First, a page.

First look at Aslan Brewing Seattle Taproom

Aslan Brewing Seattle GM Madison Sorden and CEO Jack Lamb

Today, approximately 25 years after earning official recognition from the King County Council as the Center of the Universe, Fremont gains its first taproom with a fully organic beer list. Aslan Brewing, the certified organic beer company founded in Bellingham, Wash., by Frank Trosset, Jack Lamb, and Pat Haynes, quietly opened its third location over the weekend on Seattle’s North 36th Street. Located in the new Cedar Speedster building where acclaimed Korean restaurant Revel will reopen at the end of the year, the 21+ space features striking murals by artist Conor McPherson, seating for 30, and ten Aslan beers on tap. It’s open seven days a week with happy hour daily and Sunday night industry specials. 

“I’ve been looking [for this] for the last two years,” explains co-owner and CEO Lamb. “We needed another boost. Everyone’s beer sales are down in Bellingham.”

Seattle is the biggest market for the brewery, which expects to sell about 8,000 barrels of beer in 2019, so opening a satellite in the Emerald City makes business sense, and Lamb, who grew up in the Ravenna neighborhood, also describes the decision as something of a homecoming. This connection led him to personally devote a lot of time to the project, overseeing the buildout and going so far as to occasionally sleep in his van instead of driving back and forth to Bellingham. It was all in service to his vision for the space, and the company’s future. Aslan spent close to $300,000 on developing the property, and has added nine employees under the direction of general manager Madison Sorden. 

“To me, this is about connecting quality with the name,” Lamb says, pointing out the different types of glassware behind the bar. “It’s also a hub to host accounts.”

At 1,300 square feet, the taproom isn’t enormous, but high ceilings make it seem more spacious, and an as yet unfinished event space next door adds nearly another 1,000 square feet to alleviate anticipated weekend crowds. In addition to draft ales and lagers, the drink menu at Aslan Seattle includes more than 10 additional beers in bottles or cans, five varieties of wine, three ciders, and two types of kombucha (not to mention a collection of tiny bottles of Underberg behind the bar). Beer to go is available in a cooler by the entrance. Fan favorites Batch 15 IPA and Dawn Patrol will regularly appear on tap, but according to Lamb, part of the goal here is to introduce drinkers to the depth of Aslan’s portfolio: brown ale, kellerbier, Brett saison.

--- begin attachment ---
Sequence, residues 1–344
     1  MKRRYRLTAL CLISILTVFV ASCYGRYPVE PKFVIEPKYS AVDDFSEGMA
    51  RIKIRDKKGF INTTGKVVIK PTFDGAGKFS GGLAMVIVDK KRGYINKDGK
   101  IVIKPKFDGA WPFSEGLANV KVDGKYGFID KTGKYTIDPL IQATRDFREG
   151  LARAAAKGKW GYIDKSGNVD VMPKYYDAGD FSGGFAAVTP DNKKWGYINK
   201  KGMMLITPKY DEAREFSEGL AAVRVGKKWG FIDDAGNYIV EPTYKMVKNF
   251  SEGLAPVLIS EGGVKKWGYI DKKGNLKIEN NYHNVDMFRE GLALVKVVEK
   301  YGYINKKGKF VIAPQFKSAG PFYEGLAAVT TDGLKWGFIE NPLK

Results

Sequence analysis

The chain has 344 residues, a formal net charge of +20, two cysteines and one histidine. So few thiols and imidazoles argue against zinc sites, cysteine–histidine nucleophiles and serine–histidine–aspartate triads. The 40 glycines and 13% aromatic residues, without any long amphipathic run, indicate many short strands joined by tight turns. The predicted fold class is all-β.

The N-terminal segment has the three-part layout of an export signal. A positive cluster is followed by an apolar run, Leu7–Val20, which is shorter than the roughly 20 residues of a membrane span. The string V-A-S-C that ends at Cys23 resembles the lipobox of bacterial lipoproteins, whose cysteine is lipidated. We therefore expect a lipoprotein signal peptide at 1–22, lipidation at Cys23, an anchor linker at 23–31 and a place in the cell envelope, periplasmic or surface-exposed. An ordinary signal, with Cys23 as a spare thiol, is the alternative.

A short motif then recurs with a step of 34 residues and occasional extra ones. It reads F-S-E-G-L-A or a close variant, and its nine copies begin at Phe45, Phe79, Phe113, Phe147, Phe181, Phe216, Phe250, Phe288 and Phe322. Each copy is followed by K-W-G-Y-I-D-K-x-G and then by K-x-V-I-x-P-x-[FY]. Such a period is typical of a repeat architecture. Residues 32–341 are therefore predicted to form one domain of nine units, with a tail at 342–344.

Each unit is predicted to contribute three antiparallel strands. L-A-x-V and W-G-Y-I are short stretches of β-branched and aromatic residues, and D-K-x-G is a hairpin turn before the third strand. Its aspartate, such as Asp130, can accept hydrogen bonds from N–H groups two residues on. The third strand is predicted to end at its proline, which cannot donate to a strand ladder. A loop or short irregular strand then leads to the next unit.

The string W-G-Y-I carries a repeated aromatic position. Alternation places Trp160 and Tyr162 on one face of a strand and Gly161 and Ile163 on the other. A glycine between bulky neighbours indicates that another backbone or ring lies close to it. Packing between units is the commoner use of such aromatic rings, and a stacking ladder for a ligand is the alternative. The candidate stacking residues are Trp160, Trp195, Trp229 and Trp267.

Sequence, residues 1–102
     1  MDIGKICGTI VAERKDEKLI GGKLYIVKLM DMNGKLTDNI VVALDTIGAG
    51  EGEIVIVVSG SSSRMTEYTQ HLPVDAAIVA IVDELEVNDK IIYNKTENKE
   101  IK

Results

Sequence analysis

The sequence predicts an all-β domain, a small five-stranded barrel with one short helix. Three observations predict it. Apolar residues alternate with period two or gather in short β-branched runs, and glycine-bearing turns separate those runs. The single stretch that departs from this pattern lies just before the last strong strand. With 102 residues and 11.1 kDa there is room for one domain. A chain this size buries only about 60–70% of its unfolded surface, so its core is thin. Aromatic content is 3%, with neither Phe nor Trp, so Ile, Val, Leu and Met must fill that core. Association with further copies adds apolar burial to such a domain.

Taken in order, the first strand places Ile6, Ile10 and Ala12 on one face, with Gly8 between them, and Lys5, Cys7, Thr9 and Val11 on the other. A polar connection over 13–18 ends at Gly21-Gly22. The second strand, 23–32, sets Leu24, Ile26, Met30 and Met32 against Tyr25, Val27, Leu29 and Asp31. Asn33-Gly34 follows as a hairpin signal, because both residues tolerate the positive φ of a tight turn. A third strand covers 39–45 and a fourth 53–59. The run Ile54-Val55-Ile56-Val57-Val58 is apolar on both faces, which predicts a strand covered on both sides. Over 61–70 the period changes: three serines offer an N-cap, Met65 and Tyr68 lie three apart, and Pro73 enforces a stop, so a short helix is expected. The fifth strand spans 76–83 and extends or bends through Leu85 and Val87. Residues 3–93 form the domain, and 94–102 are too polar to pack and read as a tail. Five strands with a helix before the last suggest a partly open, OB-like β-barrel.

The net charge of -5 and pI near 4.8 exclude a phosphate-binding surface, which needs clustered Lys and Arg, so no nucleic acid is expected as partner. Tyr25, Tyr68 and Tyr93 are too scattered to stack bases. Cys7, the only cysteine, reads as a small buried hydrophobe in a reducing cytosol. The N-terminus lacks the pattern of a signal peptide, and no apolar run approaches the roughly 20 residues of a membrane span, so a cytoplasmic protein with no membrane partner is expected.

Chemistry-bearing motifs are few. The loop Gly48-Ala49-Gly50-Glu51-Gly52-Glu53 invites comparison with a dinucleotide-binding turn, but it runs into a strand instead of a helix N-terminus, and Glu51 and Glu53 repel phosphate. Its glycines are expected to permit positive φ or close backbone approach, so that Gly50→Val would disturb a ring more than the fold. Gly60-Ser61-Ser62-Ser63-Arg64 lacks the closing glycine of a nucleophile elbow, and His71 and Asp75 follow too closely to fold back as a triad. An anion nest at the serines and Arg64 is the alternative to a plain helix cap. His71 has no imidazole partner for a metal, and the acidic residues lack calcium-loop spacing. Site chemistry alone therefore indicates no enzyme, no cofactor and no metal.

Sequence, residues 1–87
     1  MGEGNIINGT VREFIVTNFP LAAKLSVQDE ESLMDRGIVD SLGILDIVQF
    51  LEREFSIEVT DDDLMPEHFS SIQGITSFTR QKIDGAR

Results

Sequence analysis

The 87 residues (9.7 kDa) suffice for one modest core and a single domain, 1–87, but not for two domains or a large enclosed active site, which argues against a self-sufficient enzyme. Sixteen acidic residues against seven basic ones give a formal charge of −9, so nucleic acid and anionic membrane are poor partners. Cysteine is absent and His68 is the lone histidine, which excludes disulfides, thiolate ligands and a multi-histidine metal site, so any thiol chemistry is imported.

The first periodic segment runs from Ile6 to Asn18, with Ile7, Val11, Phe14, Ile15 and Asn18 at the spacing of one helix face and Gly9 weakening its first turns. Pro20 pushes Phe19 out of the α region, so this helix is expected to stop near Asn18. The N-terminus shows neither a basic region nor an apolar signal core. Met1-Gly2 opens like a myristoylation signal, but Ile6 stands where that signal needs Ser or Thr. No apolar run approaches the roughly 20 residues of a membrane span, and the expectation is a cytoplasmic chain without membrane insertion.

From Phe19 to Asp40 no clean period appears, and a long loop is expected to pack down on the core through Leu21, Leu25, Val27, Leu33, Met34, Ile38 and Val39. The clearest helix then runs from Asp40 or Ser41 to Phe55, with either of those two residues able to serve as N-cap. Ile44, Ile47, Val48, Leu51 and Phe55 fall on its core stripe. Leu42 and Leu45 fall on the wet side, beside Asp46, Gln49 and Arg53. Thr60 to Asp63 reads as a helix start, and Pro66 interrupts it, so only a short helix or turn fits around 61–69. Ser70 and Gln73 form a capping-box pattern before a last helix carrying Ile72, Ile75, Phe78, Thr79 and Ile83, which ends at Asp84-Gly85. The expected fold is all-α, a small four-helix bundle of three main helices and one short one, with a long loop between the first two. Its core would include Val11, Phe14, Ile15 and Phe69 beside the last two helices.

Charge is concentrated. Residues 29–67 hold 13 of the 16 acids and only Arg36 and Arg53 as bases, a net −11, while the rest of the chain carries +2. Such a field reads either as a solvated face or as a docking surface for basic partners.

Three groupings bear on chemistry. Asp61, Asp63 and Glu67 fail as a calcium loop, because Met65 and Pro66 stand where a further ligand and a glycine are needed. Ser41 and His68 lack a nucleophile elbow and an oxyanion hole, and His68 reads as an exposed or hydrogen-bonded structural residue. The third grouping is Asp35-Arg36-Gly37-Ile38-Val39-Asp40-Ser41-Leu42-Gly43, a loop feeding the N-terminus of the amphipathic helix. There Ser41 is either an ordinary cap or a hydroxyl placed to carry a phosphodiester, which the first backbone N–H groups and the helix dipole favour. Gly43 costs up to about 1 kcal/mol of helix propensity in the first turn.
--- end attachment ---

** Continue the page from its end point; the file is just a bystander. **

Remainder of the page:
“I want to keep this thing so simple,” says Lamb, adding that he intentionally designed the menu to fit on half a sheet of standard letter paper. 

While Aslan Seattle won’t do any production on site, it joins two other breweries with a footprint in the neighborhood: Fremont Brewing Company, which began selling beer in 2009, and Outlander Brewery and Pub, which opened in 2012. Fremont was also the home of Redhook Brewery for a little more than a decade before the company moved to Woodinville. Noting missteps made by an out-of-state brewery that opened in Bellingham several years ago, Lamb notes that Aslan reached out to the local beer community as things began to take shape, meeting with business owners, explaining its intentions, and answering questions. By all appearances, these efforts have already begun to pay off.

“I’m super excited to have the Aslan folks in the neighborhood,” says Matt Storm, who owns The Masonry, a popular restaurant and beer bar nearby. “Beyond making a bunch of really nice beer across a variety of styles, sometimes greatly underserved ones, they also are just genuinely some of the nicest people I’ve met in the industry.”

Aslan worked with both The Masonry and neighboring beer bar Brouwer’s Cafe to create a limited release dark sour called Fremontii, and Lamb mentions that a second collaboration with Lighthouse Roasters and Theo Chocolate—two other Fremont businesses—is on the horizon. Plus, as another sign of its commitment to cooperation, Aslan is relying on two Seattle restaurateurs to provide food for its taproom. The current solution is pre-made cured meat sandwiches from Salumi. Then, early next year, when Victor Steinbrueck opens Local Tide in the adjacent space, Aslan will serve seafood from its neighbor via a connecting window. Expect Dungeness crab rolls, shrimp toast, salads, and a seafood cake bahn mi. 

It all adds up to a concept that’s distinct from Aslan’s original brewpub as well as its Depot barrel-aging facility and event space in Bellingham. At the same time, the taproom represents a new step for the brewery and a new face for Seattle’s beer scene. According to Lamb, Aslan wouldn’t have it any other way. “We’re creative, we’re evolving, and we give a shit about other stuff besides IPA,” he says.

Aslan Brewing Seattle Taproom – 401 N 36th St STE. 102, Seattle, WA 98103


Ben Keene
Ben Keene

Author of The Great Northeast Brewery Tour and a contributor to The Oxford Companion to Beer, Ben Keene has judged beer competitions across the United States and frequently speaks at industry conferences and conventions. He lives in Seattle.

Discussion